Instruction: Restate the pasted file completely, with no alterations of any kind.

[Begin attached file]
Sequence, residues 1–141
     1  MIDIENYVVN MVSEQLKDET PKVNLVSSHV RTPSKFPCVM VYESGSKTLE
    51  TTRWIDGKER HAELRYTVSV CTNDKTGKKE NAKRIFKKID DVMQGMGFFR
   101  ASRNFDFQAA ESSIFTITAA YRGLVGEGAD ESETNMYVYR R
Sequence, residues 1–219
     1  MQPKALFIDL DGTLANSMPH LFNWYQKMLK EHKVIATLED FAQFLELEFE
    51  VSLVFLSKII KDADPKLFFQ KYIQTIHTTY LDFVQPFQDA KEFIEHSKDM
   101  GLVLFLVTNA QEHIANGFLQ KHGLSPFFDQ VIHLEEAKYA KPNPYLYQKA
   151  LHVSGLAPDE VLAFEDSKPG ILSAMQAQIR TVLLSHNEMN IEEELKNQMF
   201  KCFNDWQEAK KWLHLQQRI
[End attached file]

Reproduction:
Sequence, residues 1–141
     1  MIDIENYVVN MVSEQLKDET PKVNLVSSHV RTPSKFPCVM VYESGSKTLE
    51  TTRWIDGKER HAELRYTVSV CTNDKTGKKE NAKRIFKKID DVMQGMGFFR
   101  ASRNFDFQAA ESSIFTITAA YRGLVGEGAD ESETNMYVYR R
Sequence, residues 1–219
     1  MQPKALFIDL DGTLANSMPH LFNWYQKMLK EHKVIATLED FAQFLELEFE
    51  VSLVFLSKII KDADPKLFFQ KYIQTIHTTY LDFVQPFQDA KEFIEHSKDM
   101  GLVLFLVTNA QEHIANGFLQ KHGLSPFFDQ VIHLEEAKYA KPNPYLYQKA
   151  LHVSGLAPDE VLAFEDSKPG ILSAMQAQIR TVLLSHNEMN IEEELKNQMF
   201  KCFNDWQEAK KWLHLQQRI